Over the past few days I’ve found myself in a panic induced routine fueled by stumptown and pandora. As I explained to Mom, a teacher with a bit of a greenthumb, studying for this exam is like shoveling bark dust. You start with a mound of material, and with each scoop you take, the pile gives way and more falls in front of you. No matter how much scooping you do it feels like you’re getting nowhere. There’s always something to be picked up until, all of a sudden, it’s totally gone.
Last night, or this morning around 12.30 I should say, my pile had vanished.
At this point I think I’ve done as much studying as I can. My head is full of random information and my study guide (yes, it’s posted, hang on…) is as good as it’s going to get. I’m feeling like I have a good understanding of the concepts, but at this point everything is still jumbled around in my mind. The next few days/nights will be dedicated to the Kaplan Q & A book and review. It’s my hope that I will finally be able to tighten my grasp on the material as well as memorize the equations that I’ll need to use later.
So, here’s my structures study guide. It’s 63 pages of fun-filled general/lateral/seismic/wind structural goodness. While I probably should have included notes on how to solve beams, columns, and trusses, I found using my school notes to be helpful enough as I studied. Fortunately there are so many resources available via Kaplan and on the arefourm FTP site that it would probably would have been overkill to include anyway. Like always, I can’t guarantee that my guide covers everything we’ll need to know for the exam, but sharing it is the least I can do to say thanks for all the support and resources they’ve sent my way. If I find any mistakes as I review with it I’ll update this link and mention it in a new post.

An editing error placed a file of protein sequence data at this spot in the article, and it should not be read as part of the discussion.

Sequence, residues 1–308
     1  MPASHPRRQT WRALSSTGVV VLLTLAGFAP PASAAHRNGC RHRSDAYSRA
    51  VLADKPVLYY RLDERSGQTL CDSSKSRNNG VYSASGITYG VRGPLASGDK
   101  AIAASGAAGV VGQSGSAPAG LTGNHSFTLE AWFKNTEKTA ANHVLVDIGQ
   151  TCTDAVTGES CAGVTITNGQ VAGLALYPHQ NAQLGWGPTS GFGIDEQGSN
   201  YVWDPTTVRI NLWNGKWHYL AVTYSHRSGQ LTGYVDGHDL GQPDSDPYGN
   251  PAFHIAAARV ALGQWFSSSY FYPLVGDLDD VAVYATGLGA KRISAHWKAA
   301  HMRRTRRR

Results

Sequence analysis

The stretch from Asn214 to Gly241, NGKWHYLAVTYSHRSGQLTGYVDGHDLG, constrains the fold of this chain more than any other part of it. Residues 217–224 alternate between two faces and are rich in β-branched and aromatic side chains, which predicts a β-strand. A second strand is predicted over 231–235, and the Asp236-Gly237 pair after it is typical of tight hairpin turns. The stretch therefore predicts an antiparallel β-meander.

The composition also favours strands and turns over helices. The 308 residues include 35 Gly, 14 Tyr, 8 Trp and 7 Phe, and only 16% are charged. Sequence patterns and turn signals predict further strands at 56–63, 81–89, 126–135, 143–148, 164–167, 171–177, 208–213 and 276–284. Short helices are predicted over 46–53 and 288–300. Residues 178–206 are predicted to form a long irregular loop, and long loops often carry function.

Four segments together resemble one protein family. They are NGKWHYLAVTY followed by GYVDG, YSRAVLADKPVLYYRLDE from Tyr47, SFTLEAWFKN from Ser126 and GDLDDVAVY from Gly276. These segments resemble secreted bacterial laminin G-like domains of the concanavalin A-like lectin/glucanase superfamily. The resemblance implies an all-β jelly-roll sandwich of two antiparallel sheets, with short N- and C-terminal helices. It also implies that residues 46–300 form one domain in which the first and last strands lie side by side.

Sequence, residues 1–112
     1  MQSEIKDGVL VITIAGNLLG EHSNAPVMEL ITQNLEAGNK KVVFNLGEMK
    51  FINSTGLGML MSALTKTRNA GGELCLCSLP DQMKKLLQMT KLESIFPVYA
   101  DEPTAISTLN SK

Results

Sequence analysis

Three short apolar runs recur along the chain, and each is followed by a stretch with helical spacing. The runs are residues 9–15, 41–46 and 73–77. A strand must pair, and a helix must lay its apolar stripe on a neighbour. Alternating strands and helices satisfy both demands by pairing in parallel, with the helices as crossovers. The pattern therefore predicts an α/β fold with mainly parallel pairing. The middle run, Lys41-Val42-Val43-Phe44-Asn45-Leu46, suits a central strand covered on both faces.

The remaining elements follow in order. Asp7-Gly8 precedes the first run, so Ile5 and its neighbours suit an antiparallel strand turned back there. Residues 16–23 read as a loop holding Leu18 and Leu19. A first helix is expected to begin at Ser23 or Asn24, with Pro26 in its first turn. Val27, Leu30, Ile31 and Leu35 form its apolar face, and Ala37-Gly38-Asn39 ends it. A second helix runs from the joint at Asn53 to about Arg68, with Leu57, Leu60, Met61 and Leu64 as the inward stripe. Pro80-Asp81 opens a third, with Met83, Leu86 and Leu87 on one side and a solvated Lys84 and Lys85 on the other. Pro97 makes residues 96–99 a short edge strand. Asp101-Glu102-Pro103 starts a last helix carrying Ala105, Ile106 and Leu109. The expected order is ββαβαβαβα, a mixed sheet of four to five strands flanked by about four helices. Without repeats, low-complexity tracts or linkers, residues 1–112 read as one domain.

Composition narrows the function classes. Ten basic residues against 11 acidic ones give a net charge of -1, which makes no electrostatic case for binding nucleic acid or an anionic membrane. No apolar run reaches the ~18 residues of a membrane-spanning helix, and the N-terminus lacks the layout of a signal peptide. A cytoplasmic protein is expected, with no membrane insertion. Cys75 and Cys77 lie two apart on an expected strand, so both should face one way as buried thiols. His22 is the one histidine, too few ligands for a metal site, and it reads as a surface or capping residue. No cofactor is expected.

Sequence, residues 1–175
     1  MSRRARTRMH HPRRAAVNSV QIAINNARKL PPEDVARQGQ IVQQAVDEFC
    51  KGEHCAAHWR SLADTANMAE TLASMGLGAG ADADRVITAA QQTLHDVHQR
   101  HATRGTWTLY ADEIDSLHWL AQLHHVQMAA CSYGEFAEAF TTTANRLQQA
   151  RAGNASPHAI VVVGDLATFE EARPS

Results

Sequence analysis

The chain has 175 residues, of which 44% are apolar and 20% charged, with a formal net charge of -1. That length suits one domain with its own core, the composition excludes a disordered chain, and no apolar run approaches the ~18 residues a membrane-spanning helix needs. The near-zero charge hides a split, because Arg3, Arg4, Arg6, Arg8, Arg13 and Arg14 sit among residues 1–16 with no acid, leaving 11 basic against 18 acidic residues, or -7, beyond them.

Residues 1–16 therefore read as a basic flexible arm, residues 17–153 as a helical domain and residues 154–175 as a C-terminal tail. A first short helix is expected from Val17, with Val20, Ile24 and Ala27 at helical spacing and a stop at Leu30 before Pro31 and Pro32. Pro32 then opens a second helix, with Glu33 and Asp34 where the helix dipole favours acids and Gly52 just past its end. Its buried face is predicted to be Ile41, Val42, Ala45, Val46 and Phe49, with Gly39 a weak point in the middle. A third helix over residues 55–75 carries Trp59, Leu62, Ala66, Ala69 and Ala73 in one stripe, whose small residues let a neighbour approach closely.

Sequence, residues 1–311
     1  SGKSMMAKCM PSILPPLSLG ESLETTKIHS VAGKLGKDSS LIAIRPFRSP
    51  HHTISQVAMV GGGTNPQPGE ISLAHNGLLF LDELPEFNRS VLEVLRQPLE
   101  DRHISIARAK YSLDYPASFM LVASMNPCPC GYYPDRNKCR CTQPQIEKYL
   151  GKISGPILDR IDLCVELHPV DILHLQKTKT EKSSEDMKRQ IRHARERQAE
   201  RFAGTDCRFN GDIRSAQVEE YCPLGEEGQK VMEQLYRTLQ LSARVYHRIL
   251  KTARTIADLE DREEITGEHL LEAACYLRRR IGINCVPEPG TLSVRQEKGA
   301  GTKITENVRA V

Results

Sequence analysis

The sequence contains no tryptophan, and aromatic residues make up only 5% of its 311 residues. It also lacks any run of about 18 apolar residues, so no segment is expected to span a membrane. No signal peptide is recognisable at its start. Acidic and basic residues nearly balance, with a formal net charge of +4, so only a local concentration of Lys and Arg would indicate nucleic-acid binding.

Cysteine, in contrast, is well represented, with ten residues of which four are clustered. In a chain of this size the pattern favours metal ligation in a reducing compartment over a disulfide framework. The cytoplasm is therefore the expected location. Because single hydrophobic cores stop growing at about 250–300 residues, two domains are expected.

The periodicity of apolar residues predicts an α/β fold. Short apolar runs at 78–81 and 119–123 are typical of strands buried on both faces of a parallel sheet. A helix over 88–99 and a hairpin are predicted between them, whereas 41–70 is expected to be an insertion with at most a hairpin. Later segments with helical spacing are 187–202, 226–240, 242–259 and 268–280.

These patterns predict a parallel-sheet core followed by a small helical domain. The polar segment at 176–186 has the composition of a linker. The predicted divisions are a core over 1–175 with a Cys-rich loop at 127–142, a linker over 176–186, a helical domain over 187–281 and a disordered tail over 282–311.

I kicked back at lunch today and finished re-reading FEMA 454 chapters 4/5/8/9, not necessarily for fun, but more as a review for what I’ve already studied. Strangely enough, it was much more enjoyable this time around. I guess that happens when you have a snack in your hand and not a highlighter. Next up is Buildings at Risk – Flooding. I didn’t get a chance to study that, but from what I gather on the forum, it’s good to know.
I’m sitting on thesis reviews tomorrow night at my grad school alma mater University of Oregon-Portland. Fun fact: crits are way more enjoyable when you’re the one in the chair making comments. If you ever get a chance to participate in one, I’d highly recommend it. I’ve fortunately been able to sit in on a few over the past few years and I’d be lying if I said it doesn’t make me miss school. Studio one of my most cherished memories and experiences. That being said, it’s amazing what a few years of profesional growth will do to you. While I still admire the creativity, passion, and innovation of my peers, I find myself appreciating the attention to structure and tectonics just as much. I suppose that means engineering is becoming as important to me as art. Perhaps I really am becoming a true architect.
While I still intend to push hard the next few days, I feel like I’m doing so with a calm confidence. I’ve come to peace with the fact that structures is a difficult subject for me to grasp and it probably always will be. All I can do at this point is give the exam my best effort and know that I’ve tried my damnedest. That’s really not a bad position to be in, but I’m still keeping my fingers crossed, just in case.